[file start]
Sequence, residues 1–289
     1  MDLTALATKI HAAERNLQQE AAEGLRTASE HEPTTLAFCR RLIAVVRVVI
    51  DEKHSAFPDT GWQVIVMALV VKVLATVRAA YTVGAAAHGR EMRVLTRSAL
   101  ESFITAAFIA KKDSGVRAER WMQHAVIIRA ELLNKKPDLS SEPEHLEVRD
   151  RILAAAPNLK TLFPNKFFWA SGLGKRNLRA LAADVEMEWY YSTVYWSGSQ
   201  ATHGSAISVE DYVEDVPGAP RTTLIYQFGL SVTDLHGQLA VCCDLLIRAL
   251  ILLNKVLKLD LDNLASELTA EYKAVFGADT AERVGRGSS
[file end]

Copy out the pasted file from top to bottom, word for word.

Sequence, residues 1–289
     1  MDLTALATKI HAAERNLQQE AAEGLRTASE HEPTTLAFCR RLIAVVRVVI
    51  DEKHSAFPDT GWQVIVMALV VKVLATVRAA YTVGAAAHGR EMRVLTRSAL
   101  ESFITAAFIA KKDSGVRAER WMQHAVIIRA ELLNKKPDLS SEPEHLEVRD
   151  RILAAAPNLK TLFPNKFFWA SGLGKRNLRA LAADVEMEWY YSTVYWSGSQ
   201  ATHGSAISVE DYVEDVPGAP RTTLIYQFGL SVTDLHGQLA VCCDLLIRAL
   251  ILLNKVLKLD LDNLASELTA EYKAVFGADT AERVGRGSS